Arsalan Darmal seeks the City Council's favor in his attempt to build his 6,600-square-foot "dream home" on a San Juan Capistrano hillside. Photo by Brian Park
Arsalan Darmal seeks the City Council’s favor in his attempt to build his 6,600-square-foot “dream home” on a San Juan Capistrano hillside. Photo by Brian Park

By Brian Park

After more than two years of planning and refining, a doctor who has been trying to build his dream home on a picturesque San Juan Capistrano hillside finally got the go-ahead to move forward with his plans Tuesday after the City Council turned down an appeal by nearby residents who have long protested against the home’s modern design and location.

Arsalan Darmal, a Newport Beach-based child psychologist, said after the council’s unanimous decision that he hopes to build his 6,600-square-foot home within a year. His proposed home will feature a 38-foot driveway, an auto court, a two-car garage, a single carport, five parking stalls, a swimming pool and spa.

“The only frustration I have from this is that the process took so long,” Darmal said. “I could’ve built this house much cheaper three years ago. Now it’s going to cost me 40 percent more to build it.”

Darmal purchased a .6-acre, tax-defaulted hillside property, located off Avenida California, for $5,000 in 2007. The home will sit atop a hill overlooking Interstate 5 and includes a scenic view of Dana Point Harbor.

Darmal’s future neighbors in the adjacent Pacifica San Juan community have challenged the home throughout the city review process, contending that its contemporary design sharply contrasted with the California-style architecture of the area and that it would obstruct their own view of the Pacific Ocean.

On Tuesday, however, their arguments focused on the city’s review process, which they believed lacked adequate notice of key meetings and enough opportunities for public review—enough grounds to constitute a Brown Act violation, they said.

“Our point is that the public has not been heard on any design issue,” said resident Paul Jenkinson. “When it has been heard, it’s been restricted in what it can say.”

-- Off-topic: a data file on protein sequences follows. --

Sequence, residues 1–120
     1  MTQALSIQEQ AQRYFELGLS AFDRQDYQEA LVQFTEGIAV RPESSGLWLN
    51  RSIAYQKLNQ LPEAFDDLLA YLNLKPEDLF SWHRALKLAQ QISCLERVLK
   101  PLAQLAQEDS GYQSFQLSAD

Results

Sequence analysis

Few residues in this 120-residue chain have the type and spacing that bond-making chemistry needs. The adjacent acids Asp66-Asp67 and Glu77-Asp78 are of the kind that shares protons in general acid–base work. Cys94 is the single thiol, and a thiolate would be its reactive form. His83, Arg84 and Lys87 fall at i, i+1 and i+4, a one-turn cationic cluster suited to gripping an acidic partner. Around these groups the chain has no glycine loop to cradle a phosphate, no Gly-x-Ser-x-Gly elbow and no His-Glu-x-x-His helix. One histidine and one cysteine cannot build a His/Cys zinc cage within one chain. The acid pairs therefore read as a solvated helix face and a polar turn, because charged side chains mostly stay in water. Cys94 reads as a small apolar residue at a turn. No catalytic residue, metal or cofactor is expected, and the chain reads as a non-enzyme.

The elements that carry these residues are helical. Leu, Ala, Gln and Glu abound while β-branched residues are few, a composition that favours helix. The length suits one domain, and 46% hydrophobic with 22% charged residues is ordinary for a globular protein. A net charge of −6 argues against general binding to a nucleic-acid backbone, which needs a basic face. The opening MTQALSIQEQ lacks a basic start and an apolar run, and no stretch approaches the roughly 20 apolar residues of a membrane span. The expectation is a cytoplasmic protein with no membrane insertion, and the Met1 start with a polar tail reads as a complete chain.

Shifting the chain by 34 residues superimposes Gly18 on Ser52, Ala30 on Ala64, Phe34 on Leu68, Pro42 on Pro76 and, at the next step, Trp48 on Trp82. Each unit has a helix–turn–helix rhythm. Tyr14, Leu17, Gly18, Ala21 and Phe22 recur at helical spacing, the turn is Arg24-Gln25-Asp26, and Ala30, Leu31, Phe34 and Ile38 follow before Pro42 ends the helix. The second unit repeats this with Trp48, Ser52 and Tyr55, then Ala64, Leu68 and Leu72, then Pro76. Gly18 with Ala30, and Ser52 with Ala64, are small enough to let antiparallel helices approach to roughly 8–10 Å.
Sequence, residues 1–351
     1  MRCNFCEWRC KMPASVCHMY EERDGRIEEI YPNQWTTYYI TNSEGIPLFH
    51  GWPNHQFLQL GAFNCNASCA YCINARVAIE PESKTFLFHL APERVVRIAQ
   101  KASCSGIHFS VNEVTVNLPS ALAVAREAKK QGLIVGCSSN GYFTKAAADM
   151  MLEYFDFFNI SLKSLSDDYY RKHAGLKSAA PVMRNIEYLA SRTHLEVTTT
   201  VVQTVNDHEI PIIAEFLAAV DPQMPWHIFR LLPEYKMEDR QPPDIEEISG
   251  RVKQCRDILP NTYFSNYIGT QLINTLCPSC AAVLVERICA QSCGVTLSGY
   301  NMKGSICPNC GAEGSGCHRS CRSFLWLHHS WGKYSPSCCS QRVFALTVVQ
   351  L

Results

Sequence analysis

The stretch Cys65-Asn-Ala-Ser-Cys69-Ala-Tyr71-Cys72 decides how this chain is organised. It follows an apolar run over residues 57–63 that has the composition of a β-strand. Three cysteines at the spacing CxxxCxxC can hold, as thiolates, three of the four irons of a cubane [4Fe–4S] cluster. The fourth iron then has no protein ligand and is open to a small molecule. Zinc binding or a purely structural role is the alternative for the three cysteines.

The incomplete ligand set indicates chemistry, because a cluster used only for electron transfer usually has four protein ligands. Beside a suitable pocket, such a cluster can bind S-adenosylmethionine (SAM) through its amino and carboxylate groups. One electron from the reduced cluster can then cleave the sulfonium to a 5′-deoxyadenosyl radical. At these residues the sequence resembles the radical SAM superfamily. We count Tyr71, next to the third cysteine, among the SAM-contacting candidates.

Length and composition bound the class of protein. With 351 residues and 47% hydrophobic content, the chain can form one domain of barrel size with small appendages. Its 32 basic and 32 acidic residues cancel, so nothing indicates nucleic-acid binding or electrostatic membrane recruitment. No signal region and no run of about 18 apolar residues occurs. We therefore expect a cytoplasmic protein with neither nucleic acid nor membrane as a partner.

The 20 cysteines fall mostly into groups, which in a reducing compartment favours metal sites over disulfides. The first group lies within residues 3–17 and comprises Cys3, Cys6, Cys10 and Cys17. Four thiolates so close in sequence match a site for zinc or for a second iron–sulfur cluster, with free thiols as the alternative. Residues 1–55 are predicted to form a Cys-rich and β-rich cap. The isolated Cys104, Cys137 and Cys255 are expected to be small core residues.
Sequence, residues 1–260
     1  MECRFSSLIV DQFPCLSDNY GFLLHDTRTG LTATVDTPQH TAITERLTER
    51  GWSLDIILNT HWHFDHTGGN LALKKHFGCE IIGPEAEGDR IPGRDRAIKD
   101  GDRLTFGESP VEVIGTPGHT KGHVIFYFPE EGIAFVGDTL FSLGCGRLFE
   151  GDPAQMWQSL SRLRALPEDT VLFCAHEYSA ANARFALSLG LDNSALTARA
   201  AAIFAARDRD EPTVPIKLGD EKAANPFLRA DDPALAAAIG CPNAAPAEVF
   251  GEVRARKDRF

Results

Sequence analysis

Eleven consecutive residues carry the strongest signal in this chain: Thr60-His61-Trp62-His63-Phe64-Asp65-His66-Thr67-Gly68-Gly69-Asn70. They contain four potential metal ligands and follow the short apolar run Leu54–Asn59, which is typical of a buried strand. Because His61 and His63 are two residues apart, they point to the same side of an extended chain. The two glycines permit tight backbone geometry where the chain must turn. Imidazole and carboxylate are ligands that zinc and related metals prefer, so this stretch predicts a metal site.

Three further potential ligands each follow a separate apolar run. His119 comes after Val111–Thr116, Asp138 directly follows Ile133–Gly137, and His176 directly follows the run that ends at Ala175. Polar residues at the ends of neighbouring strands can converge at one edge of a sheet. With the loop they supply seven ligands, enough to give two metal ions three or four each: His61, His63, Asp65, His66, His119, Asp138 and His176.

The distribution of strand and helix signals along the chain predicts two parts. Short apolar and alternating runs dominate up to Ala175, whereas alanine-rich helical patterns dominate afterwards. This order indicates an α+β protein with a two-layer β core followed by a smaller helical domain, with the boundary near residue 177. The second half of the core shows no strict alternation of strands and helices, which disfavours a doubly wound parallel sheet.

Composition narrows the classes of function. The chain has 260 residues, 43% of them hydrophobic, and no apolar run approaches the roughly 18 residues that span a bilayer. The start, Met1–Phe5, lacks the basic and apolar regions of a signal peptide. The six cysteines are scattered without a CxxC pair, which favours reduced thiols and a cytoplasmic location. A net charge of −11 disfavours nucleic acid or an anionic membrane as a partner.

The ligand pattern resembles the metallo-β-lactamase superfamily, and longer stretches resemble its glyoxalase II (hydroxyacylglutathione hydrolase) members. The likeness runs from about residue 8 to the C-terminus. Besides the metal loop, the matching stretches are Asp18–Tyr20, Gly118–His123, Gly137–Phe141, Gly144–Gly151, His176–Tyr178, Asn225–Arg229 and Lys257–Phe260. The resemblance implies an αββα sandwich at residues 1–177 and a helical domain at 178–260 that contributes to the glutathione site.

Paul Jenkinson provides his argument against Arsalan Darmal's proposed home on Avenida California. By Brian Park
Paul Jenkinson provides his argument against Arsalan Darmal’s proposed home on Avenida California. By Brian Park

When Darmal’s plans were initially brought to the council in 2011, the city discovered his land was not part of the Forester Canyon development plan. The council allowed Darmal’s plans to move forward by establishing a new “Hillside Estate Residential” zone, so long as Darmal received the Design Review Committee’s final approval for lighting, landscaping and design.

Residents complained that although the committee’s meeting in December was public, they were not allowed to voice their concerns. City Attorney Hans Van Ligten said that since the committee serves in an advisory role to the Planning Commission, state law does not require them to hold public hearings.

Additionally, Van Ligten said the council’s 2011 decision and the committee’s decision were final and were not subject to appeal. Residents sought to halt Darmal’s plans by appealing the Planning Commission’s decision in February, which focused solely on grading modifications to the hillside.

In an effort to delay or stop Darmal’s plans, more than a dozen San Juan Pacifica residents pleaded with the council to appeal the commission’s decision.

“Retails shops, fast food shops, strip malls, office complexes and homes in our city are all held to a standard of compliance with the same architectural ideals,” resident Barbara Brock said. “Please do not allow this big, ultra-modern block to be the most predominant building in this section of San Juan Capistrano.”

A rendering of Arsalan Darmal's home as it would be viewed from Avenida California. Courtesy of the City of San Juan Capistrano